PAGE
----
- cannot install software on device - just a web browser, so while it works great for web-based activities there are things you do on a laptop that cannot be done on a chromebook

- cannot use all peripherals or devices that plug into laptops like wacom tablets

1.2 Why TEL?

 

Technology can be used by teachers and students in a variety of ways to support classroom learning. By focusing in on good learning and teaching practices and assessing how technology can support those practices, teachers can focus on effective use. Information about high-yield instructional strategies can be found on the LearnTeachLead site created by the Ontario Curriculum, Student Achievement Division.

For example, teachers can use technology to support specific high-yield, research-based instructional strategies such as;

  • differentiated instruction (using technology to provide access to multiple ways to learn concepts)

  • differentiated assessment (using technology to provide access to multiple ways to assess students)

  • timely descriptive feedback (using technology to help provide descriptive feedback as quickly as possible)

  • peer and self feedback

  • diagnostic assessments

  • student conferencing

  • accountable talk

  • gradual release of responsibility

Assessment for and as learning can be greatly facilitated and enhanced through the use of technology. Making it easier to document learning in ways other than the formal submission of a polished product, students can reflect on their own growth as part of the learning process. Technology can help teachers be innovative in how they meet the expectations for assessment detailed in Ministry of Education policies such as Growing Success: Assessment, Evaluation and Reporting in Ontario Schools.  

In a report written by Michael Fullan (2013), Special Advisor to the Premier of Ontario, titled Great to Excellent: Launching the Next Stage of Ontario’s Education Agenda, he describes the 6 C’s as the skills required for innovation and entrepreneurialism. Fullan (2013) states that the 6 C’s are also skills that parents and employers desire.

From the report (Fullan, 2013), the 6 C’s include;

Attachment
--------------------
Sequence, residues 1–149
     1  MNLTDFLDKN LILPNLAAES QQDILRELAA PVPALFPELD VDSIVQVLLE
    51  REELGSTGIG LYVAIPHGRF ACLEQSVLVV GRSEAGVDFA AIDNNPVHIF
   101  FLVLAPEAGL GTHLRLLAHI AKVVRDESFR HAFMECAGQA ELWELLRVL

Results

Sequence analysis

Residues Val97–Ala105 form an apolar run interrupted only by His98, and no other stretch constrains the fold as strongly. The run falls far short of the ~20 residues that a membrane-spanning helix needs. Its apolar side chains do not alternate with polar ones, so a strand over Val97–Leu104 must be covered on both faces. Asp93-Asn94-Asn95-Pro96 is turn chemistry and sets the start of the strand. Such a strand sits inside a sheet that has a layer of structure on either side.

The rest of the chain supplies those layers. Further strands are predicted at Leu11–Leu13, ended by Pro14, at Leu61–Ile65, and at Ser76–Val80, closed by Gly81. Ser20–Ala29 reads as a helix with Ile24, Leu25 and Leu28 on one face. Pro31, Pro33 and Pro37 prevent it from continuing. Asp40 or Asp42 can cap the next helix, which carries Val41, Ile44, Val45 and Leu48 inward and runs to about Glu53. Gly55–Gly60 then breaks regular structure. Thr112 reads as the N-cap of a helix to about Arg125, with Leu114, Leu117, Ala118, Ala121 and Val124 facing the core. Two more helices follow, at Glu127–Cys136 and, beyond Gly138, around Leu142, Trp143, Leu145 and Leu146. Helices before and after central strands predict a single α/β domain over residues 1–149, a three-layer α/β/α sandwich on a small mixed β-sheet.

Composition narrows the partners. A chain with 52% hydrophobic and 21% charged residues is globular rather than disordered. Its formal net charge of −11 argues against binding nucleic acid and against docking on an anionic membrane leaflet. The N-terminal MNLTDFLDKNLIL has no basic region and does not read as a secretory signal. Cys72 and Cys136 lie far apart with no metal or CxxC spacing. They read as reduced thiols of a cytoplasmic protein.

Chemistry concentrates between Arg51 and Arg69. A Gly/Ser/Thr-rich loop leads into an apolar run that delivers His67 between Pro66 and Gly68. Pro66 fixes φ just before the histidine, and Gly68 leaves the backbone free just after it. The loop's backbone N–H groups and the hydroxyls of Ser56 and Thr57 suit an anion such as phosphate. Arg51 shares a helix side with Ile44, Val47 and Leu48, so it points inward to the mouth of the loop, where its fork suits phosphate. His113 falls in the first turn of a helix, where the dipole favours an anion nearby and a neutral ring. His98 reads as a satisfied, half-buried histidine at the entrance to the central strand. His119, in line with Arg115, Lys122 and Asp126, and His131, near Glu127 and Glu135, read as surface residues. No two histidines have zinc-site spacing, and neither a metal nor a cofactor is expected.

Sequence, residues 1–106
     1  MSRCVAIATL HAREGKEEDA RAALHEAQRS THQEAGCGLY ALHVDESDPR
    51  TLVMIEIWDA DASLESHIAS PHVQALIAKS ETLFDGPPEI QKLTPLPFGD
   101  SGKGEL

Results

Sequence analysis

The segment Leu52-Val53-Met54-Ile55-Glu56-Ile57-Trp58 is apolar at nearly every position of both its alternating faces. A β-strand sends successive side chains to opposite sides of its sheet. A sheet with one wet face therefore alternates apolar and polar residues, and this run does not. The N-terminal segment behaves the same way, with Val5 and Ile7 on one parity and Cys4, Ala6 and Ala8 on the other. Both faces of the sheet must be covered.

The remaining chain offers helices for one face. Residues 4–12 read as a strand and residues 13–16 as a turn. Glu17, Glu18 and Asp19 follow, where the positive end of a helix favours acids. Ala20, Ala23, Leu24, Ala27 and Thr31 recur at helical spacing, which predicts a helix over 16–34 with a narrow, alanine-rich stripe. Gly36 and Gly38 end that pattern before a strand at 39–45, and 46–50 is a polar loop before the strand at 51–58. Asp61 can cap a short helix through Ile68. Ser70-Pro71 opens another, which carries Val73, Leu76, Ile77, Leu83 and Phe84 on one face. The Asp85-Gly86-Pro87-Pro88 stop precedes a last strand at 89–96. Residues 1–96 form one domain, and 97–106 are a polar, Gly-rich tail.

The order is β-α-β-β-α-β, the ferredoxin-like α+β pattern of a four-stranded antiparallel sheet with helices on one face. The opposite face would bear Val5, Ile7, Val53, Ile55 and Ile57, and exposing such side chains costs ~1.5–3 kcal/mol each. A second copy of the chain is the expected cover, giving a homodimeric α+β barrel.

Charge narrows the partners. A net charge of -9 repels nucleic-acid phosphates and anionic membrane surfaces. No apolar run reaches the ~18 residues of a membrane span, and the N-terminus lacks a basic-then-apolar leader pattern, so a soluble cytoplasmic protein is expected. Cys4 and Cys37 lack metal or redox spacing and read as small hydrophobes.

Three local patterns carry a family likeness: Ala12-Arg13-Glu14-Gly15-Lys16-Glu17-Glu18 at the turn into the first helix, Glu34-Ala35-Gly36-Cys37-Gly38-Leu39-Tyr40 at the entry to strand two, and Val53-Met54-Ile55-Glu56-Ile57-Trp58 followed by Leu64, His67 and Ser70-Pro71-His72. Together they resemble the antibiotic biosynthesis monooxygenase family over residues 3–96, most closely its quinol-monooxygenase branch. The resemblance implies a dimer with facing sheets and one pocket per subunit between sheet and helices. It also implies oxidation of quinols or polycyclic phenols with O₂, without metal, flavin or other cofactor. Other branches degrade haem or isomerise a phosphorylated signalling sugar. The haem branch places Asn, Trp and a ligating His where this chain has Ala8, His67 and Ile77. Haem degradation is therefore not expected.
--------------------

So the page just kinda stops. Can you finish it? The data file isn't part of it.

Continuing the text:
Character education — honesty, self-regulation and responsibility, perseverance, empathy for contributing to the safety and benefit of others, self-confidence, personal health and well-being, career and life skills.

Citizenship — global knowledge, sensitivity to and respect for other cultures, active involvement in addressing issues of human and environmental sustainability.

Communication — communicate effectively orally, in writing and with a variety of digital tools; listening skills.

Critical thinking and problem solving — think critically to design and manage projects, solve problems, make effective decisions using a variety of digital tools and resources.

Collaboration — work in teams, learn from and contribute to the learning of others, social networking skills, empathy in working with diverse others.

Creativity and imagination — economic and social entrepreneurialism, considering and pursuing novel ideas, and leadership for action.

 

 

Video resources around how to develop the 6 C’s in Ontario classrooms can be found on the LearnTeachLead, Student Achievement Division Resources - K to 12 website.

To develop skills within the 6 C’s, technology integration is necessary. Technology does not need to be used every moment of every day, however, teachers benefit from practicing and developing the skill of selecting technologies that will help each student learn and develop skills supporting the 6 C’s. This may mean that different students are using different technologies at different times in class.

 

 

1.3 Frameworks

Frameworks for technology integration, are tools that can be used to help educators understand the place of technology enabled learning in the classroom and their own required learning within it. Below are a few different frameworks that can be considered.  

SAMR